I’m so excited to finally tell you our very main news – our little daughter Ivanka is here! She is already 10 days old and very pretty :) And she inherited a good appetite from us :) We went home three days after her birth, and the first couple of days were as chaotic as any first-time parents’ first days probably are. I was afraid to accidentally hurt her, I didn’t know where to begin in the morning and how to survive at night time when the baby wouldn’t sleep properly (I guess she’s still mixing day and night). Gradually new activities were added, such as bathing and walking outside, and hey, seems like I learned to juggle all that! Unfortunately, what suffers the most is cooking – I haven’t cooked a decent dinner ever since she was born, but at least I’ve had some free time in the mornings when she was still sleeping so I could have my oats or rice in peace and quiet. Today the weather was so rainy and moody that we decided we’d just sleep by the open window instead of going outside, so I had the time to toast some rolled oats in a pan and make a parfait with some tart and juicy autumn fruit, simmered and cooled, and some plain yogurt. I’ve been told no raw fruit or vegetables, no raw (pasteurized) milk, no beans or cabbages etc, so I guess I’ll have to specialize in breastfeeding-safe recipes for a while.

I didn’t have any special cravings while I was pregnant, but now I have two strong ones – for oats and yogurt. I just can’t live without a bowl of plain yogurt with toasted rolled oats and plum jam in the morning – or just oatmeal with jam or butter… who would have thought I’d ever have oatmeal every other morning of my own free will?? The only annoying thing is that my pregnancy - now breastfeeding - was the reason why I had to start eating meat :( I know that a lot of vegetarians carry on with their diet also during pregnancy, but I was scared that the baby wouldn’t get all the essential proteins, so I had to start eating chicken or meat at least once a week. But, I’ll certainly return to my semi-vegetarian diet when I no longer breastfeed.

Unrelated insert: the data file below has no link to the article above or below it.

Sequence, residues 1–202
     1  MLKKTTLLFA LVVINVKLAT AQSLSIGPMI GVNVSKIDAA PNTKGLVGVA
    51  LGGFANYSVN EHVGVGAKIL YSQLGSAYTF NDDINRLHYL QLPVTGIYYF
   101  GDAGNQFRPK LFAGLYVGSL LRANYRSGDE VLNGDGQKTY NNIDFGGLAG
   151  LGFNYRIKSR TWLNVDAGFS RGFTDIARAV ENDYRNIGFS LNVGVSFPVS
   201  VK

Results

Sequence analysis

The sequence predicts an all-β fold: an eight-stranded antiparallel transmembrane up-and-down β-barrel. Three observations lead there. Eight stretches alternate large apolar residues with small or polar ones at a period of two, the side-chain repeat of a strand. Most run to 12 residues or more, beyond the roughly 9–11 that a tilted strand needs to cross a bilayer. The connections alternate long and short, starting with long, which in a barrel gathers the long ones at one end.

Life with a newborn is quite busy, but I’ll try to post some simple recipes every now and then. And now I’ve got to go because I hear her squeak quietly in her crib – just like a nestling or a mouse, so funny :)

Breastfeeding-safe Apple Pear Cranberry Parfait

Read the rest of this entry »

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Are you curious to learn more about Eastern European cuisine?
RussianSeason.net is a food blog run by two Russian-speaking women - a mother (Natalia) and a daughter (Alina) - living in Latvia. Natalia is a professional artist and Alina is the co-owner of a web directory of Russian-speaking businesses in Europe. We both cook and Alina writes posts and takes photos.
In our blog you'll find a range of (mostly tweaked&adapted) recipes from Russia, Eastern Europe, the Baltics, and former USSR. But we can't restrain ourselves from experimenting with other cuisines too :)
Stano is the guy behind the Slovak version of this blog. He is currently living and working in Latvia and is also known as the Man Who Makes Alina Eat A Lot Of Cakes, because he hardly ever eats cakes or pies she bakes. He doesn't have a sweet tooth, you see. Stano also provides us with traditional Slovak recipes - such as Halušky that he's been promising to make for 7 months now :) Just be patient - we're sure he will eventually do it!
Ivanka is the largest cross-cultural project Alina and Stano have been ever involved in:) We hope she will be a foodie too when she grows up!
Our email address is: russianseason@gmail.com

Priyatnovo appetita! (Bon appetit!)